Thursday, December 4, 2008


Review: Frost/Nixon
4.5 stars (out of 5)
By R. Kurt Osenlund

The title sums it up: “Frost/Nixon” is a face-off. Adapted by playwright-turned-screenwriter Peter Morgan (“The Queen”) from his own Tony Award-winning Broadway smash, it's a whip-smart dramatization of the interview sessions between British journalist David Frost and former president Richard Nixon that rocked the television airwaves in 1977. An inside look behind the scenes of the the events leading up to the battle-of-wits broadcast, the film is deftly directed by Ron Howard and enthralling from start to finish. Its pace is breathless because it has a clear, pressing objective to which it builds from minute one: Nixon's eventual on-air confession of guilt regarding the Watergate scandal.

As the movie begins, those viewers who remember Tricky Dick's 1974 impeachment-impending resignation are invited to relive it while the rest of us get a history lesson in the form of high-brow entertainment. In character, key members of the supporting cast – which include Kevin Bacon, Sam Rockwell, Oliver Platt, and Matthew MacFadyen – recall the pivotal moment and its aftermath in documentary-style confessionals that are intercut with actual news footage of the era. Save Bacon, who plays Nixon's right-hand man, Jack Brenner, everyone seems to agree on one thing: the ex-president, pardoned by his successor, Gerald Ford, would never be given the trial he deserves for perhaps the most infamous political crime in US history. Enter Frost (Michael Sheen), a peppy Regis Philbin-type headlining a talk show in Australia at the time of Nixon's departure. Yearning to take on a project with far more prestige than a sit-down with the BeeGees, Frost informs his skeptical producer, John Birt (MacFadyen), that he's interested in interviewing the disgraced head of state. Enter Nixon (Frank Langella), a smug and greedy shell of a man who accepts the invitation and agrees to break three years of silence with the promise of a hefty check and with every intention of outmaneuvering his neophyte host.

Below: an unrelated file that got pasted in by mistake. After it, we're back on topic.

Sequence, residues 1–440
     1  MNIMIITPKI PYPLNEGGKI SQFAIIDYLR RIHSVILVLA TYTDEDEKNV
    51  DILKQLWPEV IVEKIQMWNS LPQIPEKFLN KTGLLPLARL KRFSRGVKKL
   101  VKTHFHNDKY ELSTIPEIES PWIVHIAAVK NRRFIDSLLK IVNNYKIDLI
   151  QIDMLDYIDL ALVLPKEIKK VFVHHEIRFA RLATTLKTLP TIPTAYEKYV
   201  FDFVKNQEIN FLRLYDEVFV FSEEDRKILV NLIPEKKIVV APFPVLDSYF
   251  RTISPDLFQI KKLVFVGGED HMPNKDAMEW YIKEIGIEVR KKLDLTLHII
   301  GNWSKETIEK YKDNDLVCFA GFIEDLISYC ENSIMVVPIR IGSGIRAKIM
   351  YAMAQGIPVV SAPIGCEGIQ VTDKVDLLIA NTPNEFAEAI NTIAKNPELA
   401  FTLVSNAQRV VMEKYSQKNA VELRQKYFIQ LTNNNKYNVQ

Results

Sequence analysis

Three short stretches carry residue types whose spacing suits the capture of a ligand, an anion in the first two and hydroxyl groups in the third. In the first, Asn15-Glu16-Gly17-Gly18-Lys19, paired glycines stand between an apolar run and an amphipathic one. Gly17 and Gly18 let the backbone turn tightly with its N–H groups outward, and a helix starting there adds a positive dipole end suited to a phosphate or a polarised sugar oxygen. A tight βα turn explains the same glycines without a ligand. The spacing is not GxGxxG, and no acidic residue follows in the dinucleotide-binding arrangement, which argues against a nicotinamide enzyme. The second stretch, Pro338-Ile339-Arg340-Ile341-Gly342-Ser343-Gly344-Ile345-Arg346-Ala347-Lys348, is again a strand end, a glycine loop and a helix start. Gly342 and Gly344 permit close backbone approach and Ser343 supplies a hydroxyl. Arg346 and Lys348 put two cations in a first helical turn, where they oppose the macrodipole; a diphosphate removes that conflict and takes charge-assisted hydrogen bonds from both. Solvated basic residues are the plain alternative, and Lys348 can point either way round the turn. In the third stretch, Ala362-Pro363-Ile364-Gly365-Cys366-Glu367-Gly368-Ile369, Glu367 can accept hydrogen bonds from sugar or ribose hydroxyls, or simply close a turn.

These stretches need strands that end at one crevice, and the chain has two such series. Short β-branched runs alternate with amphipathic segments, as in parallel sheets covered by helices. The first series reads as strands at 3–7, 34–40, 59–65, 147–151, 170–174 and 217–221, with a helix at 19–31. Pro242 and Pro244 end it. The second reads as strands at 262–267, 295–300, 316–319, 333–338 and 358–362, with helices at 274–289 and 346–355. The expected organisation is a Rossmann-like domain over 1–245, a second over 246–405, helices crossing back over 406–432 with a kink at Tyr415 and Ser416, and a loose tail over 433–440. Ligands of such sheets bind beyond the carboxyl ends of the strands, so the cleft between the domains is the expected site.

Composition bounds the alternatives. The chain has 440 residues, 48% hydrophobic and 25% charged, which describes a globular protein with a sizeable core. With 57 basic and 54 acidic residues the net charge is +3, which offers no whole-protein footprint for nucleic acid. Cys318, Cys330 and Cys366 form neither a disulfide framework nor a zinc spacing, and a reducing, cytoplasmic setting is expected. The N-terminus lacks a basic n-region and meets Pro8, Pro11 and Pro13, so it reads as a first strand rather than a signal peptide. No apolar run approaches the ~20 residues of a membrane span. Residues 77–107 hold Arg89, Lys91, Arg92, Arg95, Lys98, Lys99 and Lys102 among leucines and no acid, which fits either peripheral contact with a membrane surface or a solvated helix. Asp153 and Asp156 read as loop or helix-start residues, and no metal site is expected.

No one believes that Frost can produce a legitimate segment; not the networks (they all turn him down), not Brenner (he's highly protective of his boss), and, initially, not American collaborators Bob Zelnick and James Reston, Jr. (Platt and Rockwell – they both know what's at stake far more than the out-of-his-league Frost). In fact, the only other person who's gung-ho about the show is Nixon, whose self-importance is well intact despite his public humiliation. A fight for the spotlight and the upper hand kicks off between the two determined men as the interviews – paid for, essentially, out of Frost's pocket – are taped over a period of five days. And they are hypnotic to watch.

Langella and Sheen, both reprising their roles from the play, deliver their lines like shotgun blasts. I have to admit, going into this film, I had my doubts about Langella, his Tony win notwithstanding. Too many actors have already impersonated Nixon – Dan Hedaya, Beau Bridges, Anthony Hopkins – and too many of them unconvincingly. Langella sent my trepidations right out the window. He turns Nixon into something we haven't seen before: a complex cinematic character. He transcends the obligatory prosthetic nose and peace signs in the air and makes the man his own, humanizing him while still playing him as despicable. Destined to be nominated for an Oscar, it's a towering and spellbinding performance. In the other corner is Sheen, a can't-miss actor who re-teams with Morgan after delicately portraying Tony Blair in “The Queen.” Outshined by Langella's powerhouse but more than capable of holding his ground, Sheen gives another seemingly effortless turn. Together, the two stars spin Morgan's material into pure dramatic gold.

“Frost/Nixon” is Ron Howard's best-directed film since 1995's “Apollo 13.” Naysayers may argue the validity of 2001's multiple Oscar-winner “A Beautiful Mind” but, seven years later, who but cinemaniacs like me even remember it? Howard's newest title ranks among the great movies about broadcast journalism, where it will remain for years to come. It also affords the filmmaker the get-out-of-jail-free-card he'll probably need when “The Da Vinci Code” prequel, “Angels & Demons,” drops with a thud in 2009. Though it criminally sidelines some great actors to highlight its titular match-up, “Frost/Nixon” is a seat-pinning locomotive of a movie. It barrels toward its destination, reaches it, and comes to a smooth, graceful stop. I was thrilled to be on board.

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